Procedural Provisions for Imposing the Death Penalty in Pending Legislation

Headnotes: 

The following memorandum comments on proposed legislation to bring the federal death penalty provisions into compliance with the constitutional standards identified by the Supreme Court in Furman v. Georgia, 408 U.S. 238 (1972) and subsequent decisions. It identifies certain procedural provisions as likely to be subject to constitutional challenge, and indicates how the issues involved are likely to be resolved under existing case law. Among the issues discussed are: (1) whether the Constitution’s requirement of a unanimous jury extends to the sentencing phase of a capital case; (2) whether the jury’s consideration of mitigating factors may be limited; (3) whether evidence of aggravating factors may be admitted regardless of its admissibility under the rules of evidence; (4) whether the language specifying aggravating and mitigating factors is unconstitutionally vague; (5) whether the death penalty may be imposed for nonhomicidal crimes; and (6) whether appellate review only at the request of the defendant is an adequate safeguard against the random or arbitrary imposition of the death penalty.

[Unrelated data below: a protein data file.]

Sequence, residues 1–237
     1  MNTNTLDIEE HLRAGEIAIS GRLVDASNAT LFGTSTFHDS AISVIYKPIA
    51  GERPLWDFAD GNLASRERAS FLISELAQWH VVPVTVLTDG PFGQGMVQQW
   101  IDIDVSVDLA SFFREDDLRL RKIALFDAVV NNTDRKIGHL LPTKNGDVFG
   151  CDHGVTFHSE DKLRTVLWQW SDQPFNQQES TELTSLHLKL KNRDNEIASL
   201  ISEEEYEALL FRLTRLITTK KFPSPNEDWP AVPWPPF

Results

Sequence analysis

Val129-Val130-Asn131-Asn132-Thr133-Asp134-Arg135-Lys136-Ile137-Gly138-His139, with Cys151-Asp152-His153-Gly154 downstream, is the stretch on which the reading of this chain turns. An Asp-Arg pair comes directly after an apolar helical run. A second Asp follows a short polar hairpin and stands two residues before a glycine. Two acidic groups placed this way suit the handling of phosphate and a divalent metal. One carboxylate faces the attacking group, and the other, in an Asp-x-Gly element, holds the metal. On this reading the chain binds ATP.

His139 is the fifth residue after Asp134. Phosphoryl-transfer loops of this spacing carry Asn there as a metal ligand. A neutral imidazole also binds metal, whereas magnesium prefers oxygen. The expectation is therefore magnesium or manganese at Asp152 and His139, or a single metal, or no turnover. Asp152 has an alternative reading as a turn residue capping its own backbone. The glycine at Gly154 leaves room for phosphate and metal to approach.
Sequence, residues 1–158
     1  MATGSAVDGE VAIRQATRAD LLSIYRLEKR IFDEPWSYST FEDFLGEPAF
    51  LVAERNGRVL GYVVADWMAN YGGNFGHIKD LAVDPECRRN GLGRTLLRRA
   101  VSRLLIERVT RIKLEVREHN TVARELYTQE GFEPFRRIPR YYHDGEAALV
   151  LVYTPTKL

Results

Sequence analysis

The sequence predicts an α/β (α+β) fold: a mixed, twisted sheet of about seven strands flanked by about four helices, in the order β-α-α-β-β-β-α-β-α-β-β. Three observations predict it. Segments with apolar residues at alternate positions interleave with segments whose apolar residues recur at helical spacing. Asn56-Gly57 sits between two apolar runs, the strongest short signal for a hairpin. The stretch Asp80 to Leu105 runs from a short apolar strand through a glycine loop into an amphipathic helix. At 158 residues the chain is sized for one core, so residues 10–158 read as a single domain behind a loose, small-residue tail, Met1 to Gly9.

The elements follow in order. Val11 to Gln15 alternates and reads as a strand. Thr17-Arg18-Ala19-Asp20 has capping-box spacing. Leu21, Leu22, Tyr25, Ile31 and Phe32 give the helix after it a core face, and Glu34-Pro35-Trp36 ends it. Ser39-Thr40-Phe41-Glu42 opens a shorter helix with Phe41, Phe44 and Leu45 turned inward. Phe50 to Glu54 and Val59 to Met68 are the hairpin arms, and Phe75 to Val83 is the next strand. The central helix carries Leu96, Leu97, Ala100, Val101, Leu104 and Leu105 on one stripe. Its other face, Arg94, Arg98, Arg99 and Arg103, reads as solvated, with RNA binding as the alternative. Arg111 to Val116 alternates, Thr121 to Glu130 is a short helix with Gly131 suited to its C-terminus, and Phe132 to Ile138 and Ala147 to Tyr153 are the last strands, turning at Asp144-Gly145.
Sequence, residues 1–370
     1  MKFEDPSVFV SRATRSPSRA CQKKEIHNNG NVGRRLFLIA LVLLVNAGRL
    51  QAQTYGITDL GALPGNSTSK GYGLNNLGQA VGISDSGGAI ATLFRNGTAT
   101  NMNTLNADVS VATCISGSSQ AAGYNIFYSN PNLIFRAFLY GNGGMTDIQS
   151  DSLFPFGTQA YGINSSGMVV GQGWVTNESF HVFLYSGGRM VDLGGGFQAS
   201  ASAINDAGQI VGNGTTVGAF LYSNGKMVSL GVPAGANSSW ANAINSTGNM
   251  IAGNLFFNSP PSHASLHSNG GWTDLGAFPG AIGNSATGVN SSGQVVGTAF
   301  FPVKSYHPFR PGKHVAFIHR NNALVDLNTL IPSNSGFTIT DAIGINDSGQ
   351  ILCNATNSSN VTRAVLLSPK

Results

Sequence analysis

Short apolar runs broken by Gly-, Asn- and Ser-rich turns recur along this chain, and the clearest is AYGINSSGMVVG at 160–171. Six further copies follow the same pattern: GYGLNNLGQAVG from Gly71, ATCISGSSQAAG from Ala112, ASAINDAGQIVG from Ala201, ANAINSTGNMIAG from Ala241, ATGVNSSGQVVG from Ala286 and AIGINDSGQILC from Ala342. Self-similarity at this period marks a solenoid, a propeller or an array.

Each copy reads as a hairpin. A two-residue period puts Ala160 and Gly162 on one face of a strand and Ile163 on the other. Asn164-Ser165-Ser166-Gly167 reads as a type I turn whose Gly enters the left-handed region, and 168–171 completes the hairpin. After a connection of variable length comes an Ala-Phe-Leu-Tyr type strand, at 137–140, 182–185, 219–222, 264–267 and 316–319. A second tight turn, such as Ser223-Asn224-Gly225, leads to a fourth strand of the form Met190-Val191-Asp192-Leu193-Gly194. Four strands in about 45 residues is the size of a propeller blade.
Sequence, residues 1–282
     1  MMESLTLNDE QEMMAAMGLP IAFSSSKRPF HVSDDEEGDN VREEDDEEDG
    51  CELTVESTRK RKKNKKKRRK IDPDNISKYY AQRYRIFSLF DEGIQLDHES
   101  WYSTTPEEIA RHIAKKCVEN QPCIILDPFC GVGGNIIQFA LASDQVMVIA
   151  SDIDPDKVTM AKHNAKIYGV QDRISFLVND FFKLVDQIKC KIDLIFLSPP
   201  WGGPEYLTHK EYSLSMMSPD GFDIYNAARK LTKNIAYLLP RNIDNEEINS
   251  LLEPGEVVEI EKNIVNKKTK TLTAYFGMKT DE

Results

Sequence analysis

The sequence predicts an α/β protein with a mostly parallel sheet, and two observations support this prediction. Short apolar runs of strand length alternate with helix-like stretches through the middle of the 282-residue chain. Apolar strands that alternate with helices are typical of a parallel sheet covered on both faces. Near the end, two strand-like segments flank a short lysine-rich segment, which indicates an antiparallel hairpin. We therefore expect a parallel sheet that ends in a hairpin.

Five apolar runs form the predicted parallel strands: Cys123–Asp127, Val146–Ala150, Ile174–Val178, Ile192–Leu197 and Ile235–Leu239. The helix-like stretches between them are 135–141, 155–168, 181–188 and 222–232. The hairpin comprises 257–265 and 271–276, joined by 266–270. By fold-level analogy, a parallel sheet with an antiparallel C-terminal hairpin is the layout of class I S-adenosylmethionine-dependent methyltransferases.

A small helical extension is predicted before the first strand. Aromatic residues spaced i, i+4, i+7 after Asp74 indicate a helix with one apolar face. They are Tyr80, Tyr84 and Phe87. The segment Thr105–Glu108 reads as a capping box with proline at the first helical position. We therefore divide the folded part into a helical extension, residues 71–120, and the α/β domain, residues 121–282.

Updated July 9, 2014